Reviews of I'm a Cyborg, But That's OK
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A young woman who believes she’s a cyborg hears voices and harms herself while at work making radios. She’s hospitalized in a mental institution where she eats nothing and talks to inanimate objects. She’s Young-goon, granddaughter of a woman who thought she was a mouse (and whose dentures Young-goon wears) and a mother who’s a butcher without much social grace. Young-goon comes to the attention of Il-sun, a ping-pong playing patient at the institution who makes it his goal to get her to eat. Will he succeed? Which way does sanity lie?
This is a crazy film that if you are not following or on it’s wavelength by the first third of the movie . You are not going to enjoy the rest.
The film certainly stays creative and sweet throughout more like a fantasy that is colorful and quirky. It seems to coast on that alone. While trying to come into some kind of reality. It quickly realizes it’s best to stay on the farcical road, especially since it is mainly a comedy.
This is Chan-Wook Park’s first film after the vengeance trilogy of OLDBOY, SYMPATHY FOR MR.VENGENCE and LADY VENGENCE. This is a welcome departure that is more light-hearted. Not as down trodden. While allowing for a violent scene or two though played much lighter then it could have been.
I would compare the film to AMELIE with it’s surreal visuals, Fast pacing, Main characters who are on a single minded mission yet who carry an innocence. The movie is still not suitable for kids. Only AMELIE while more totally a fantasy which this film is also not only has a payoff, but more of a narrative coherence. This film is a bit hard to follow as we jump in and out of fantasy that the film allows us to get lost in as well as the patients.
The film has a great introduction that misleads the audience yet seems to work to illuminate the story to us and throw us into the action. Leaving the film to be a bit confusing as to whether the other patient also delve into the delusion s of each other or even see each other as equals yet still a bit off.
I found myself admiring the male lead as it seemed at first like he overcame his mind state to help cure the female lead and morph hers into what will help her stay healthy, yet let her stay in her delusion in safe way. If this were a film about real mental illness while sweet it could be seen as sweetly wrong as he makes her more or less dependent on him .Since she believes she is a robot it seems she might not have a choice as he is the engineer for her.
Though he continues in his delusions only adds her disability to his though he knows. She is human he can get lost in her delusions.
This is a film that is more magical then it can totally explain. it’s to be seen and experienced.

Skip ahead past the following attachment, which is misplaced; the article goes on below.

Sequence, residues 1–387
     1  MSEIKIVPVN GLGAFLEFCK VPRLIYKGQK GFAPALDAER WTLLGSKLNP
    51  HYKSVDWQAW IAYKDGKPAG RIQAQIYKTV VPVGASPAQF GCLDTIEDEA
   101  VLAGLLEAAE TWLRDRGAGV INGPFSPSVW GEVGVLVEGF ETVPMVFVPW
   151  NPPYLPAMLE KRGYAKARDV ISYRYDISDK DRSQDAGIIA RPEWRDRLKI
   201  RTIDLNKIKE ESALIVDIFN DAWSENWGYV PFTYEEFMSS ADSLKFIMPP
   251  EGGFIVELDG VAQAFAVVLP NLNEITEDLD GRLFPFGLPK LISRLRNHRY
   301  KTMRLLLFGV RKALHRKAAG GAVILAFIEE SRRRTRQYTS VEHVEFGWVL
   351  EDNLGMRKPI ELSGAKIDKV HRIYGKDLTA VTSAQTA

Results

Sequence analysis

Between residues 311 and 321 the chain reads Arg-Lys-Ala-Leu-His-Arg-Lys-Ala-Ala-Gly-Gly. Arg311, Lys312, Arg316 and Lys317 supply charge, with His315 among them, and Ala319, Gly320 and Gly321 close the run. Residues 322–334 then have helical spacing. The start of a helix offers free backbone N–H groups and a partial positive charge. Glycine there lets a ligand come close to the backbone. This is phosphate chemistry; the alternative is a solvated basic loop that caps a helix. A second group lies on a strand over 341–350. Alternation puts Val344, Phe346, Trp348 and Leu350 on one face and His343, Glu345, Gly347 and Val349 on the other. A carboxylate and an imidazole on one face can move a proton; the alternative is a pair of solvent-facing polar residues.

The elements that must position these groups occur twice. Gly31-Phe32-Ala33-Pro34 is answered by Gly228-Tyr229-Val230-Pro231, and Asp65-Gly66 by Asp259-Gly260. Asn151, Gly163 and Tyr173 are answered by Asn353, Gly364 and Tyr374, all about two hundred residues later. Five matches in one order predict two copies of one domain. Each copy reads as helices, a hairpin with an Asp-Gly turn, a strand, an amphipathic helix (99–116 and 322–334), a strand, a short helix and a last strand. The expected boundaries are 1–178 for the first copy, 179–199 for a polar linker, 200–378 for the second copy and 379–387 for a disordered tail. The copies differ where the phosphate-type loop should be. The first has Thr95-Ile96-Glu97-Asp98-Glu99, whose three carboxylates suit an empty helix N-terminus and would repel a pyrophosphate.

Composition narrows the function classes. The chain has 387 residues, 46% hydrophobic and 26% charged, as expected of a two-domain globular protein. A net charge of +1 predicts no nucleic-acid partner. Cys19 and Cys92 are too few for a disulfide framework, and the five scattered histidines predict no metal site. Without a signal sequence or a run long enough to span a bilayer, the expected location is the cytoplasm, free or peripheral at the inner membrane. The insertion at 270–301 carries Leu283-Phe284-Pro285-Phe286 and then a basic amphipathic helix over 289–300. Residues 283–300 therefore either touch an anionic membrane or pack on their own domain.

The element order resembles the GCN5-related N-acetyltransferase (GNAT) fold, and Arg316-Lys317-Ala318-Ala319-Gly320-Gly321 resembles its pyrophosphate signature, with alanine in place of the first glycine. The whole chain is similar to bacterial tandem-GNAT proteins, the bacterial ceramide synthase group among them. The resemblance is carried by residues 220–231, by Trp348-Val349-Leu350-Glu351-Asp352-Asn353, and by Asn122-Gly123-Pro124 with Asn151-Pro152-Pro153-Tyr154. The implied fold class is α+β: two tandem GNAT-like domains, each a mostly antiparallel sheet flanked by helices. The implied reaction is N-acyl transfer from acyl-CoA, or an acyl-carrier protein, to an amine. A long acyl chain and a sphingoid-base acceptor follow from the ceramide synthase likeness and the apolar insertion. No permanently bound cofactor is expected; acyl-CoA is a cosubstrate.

You also are left to marvel at the filmmaking, the imagination and skill that went into making this film the original concoction that it is. The filmmaking and never takes you out of the film. Now whimsical and weird isn’t always when it comes to films for me. Here it worked to a degree. Though it’s a wonderful world to visit. I wouldn’t want to live there and the visit seemed a bit long. The film could have been cut by 10 -15 minutes as it feels like it wears out it’s welcome.
A lot of people dislike the ending. I dislike it as well. Their isn’t really one. This film which has been so inventive up to this point. Begins a build up towards the end only to peter out into nothing while it is sweet. It is also a disappointment. When the film was coasting on so much goodwill and invention.
- Currently 2.0/5 Stars.
While watching this, I couldn’t help but think on other films that had caused for me a similar vibe, namely Takashi Miike’s “The Happiness of the Katakuris” and, well, actually any film by Jean-Pierre Jeunet. It has a whimsical, demented, determined happiness that you are either on board with from the beginning or not.
After the Vengeance trilogy and “Thirst”, it’s not what i was expecting, and if anything I was pleasantly surprised. A story about retribution for the ones we love even when no one, including ourselves, seem to understand. Park Chan-wook seems to always be contemplating those circumstances outside ourselves that force us into the choices we make. “I’m a Cyborg…” is definitely his most lighthearted prism to date, and consequently his most accessible.
- Currently 4.0/5 Stars.
Beautiful visuals and two exceptionally strong leads, backed by a great cast. The directing and cinematography had some real dazzling concepts. I have to say, I was forewarned about the ending and it did rather help me to enjoy the film more than if I hadn’t known what to expect. I won’t go into details of course, but if a viewer is like me and isn’t affected by spoilers that much, then it might be handy to have a browse of IMDB or ask a friend. It’s the only weak point of this movie, in my opinion.
- Currently 4.0/5 Stars.